An alternative approach is to implement a gate that workers need to pass before they can run. One implementation of this approach is to create a channel with a limited buffer size and make workers attempt to put a dummy value into that channel, a token, before running. Workers will then take a dummy value from the channel once they are finished. Since the channel has a limited buffer size, only a limited number of workers can run at once. Take a look at the code snippet below:

var concurrencyLimitCh = make(chan struct{}, runtime.NumCPU())

// This function is CPU-bound and may allocate a lot of memory.
// We limit the number of concurrent calls to limit memory
// usage under high load without sacrificing the performance.
func processData(src, dst []byte) error {
    concurrencyLimitCh <- struct{}{}
    defer func() {
    // heavy processing...

The code above creates a channel called concurrencyLimitCh that has as many slots as there are CPUs on the machine. The processData function does some CPU-heavy processing, and so before running, it requests a token from concurrencyLimitCh by placing a dummy value in the channel. It might be easier to visualize what’s happening as a series of steps:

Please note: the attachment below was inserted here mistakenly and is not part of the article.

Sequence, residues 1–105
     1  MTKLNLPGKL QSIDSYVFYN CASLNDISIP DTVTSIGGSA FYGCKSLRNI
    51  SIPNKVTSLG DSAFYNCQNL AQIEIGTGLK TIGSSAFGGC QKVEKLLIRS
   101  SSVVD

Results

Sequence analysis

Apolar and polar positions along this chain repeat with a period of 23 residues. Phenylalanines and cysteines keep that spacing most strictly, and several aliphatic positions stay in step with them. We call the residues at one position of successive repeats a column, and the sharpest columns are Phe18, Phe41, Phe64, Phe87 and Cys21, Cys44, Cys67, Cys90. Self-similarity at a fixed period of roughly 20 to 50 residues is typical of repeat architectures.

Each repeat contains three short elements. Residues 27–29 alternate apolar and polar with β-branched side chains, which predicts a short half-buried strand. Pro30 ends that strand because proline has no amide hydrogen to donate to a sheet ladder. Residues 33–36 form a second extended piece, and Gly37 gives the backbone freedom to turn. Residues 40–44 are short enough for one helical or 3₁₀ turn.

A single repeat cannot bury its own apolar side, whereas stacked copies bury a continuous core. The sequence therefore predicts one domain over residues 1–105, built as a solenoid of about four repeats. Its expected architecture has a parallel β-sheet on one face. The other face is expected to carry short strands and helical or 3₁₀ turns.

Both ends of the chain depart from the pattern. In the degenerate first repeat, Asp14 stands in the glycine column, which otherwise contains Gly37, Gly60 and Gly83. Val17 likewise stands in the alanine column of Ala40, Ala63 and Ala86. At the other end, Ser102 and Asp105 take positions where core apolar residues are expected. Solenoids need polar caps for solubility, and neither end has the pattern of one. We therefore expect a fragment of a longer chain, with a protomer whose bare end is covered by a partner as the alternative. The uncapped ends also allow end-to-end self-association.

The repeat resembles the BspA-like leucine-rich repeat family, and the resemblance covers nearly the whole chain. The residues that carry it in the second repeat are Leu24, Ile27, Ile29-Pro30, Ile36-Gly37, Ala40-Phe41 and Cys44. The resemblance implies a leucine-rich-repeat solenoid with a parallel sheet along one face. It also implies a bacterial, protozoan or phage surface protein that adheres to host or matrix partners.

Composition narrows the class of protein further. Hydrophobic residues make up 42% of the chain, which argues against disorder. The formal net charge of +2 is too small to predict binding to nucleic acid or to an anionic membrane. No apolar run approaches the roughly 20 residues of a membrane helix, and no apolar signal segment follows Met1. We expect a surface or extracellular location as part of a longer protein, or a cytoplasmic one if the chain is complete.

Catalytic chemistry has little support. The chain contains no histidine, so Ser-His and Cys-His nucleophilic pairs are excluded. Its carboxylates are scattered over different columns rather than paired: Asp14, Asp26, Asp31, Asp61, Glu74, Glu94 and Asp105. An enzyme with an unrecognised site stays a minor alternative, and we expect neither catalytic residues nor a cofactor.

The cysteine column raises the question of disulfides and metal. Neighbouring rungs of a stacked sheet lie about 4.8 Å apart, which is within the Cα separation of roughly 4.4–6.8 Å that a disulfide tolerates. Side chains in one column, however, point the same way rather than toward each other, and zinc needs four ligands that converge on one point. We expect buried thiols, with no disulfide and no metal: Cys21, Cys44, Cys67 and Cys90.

1. processData attempts to place an empty struct in concurrencyLimitCh. This acts as its permission token and will block until a slot becomes available.
  2. processData does its CPU-intensive work.
  3. processData defers taking an item from concurrencyLimitCh until after it has finished its work. Taking an item from the channel frees up a slot, and lets another worker run.

This approach guarantees that no more than len(concurrencyLimitCh) workers are running at the same time, since each worker has to secure a slot before it does any intensive work.

This is much simpler than running separate workers, because you don’t need start and stop routines for each worker. Your application can spawn a worker goroutine whenever a unit of work comes in and concurrencyLimitCh does the hard work of guaranteeing that no more than some maximum number of workers are running at once.


Limiting concurrency can help to bound resource usage and protect your application from crashing during load spikes. It ensures that your application processes load without interruptions in an optimal manner instead of wasting resources on context switches.

This approach works best for CPU-bound operations, and doesn’t apply as well to I/O-bound operations since they involve waiting on external resources.

Stay tuned for the new blog post in this series!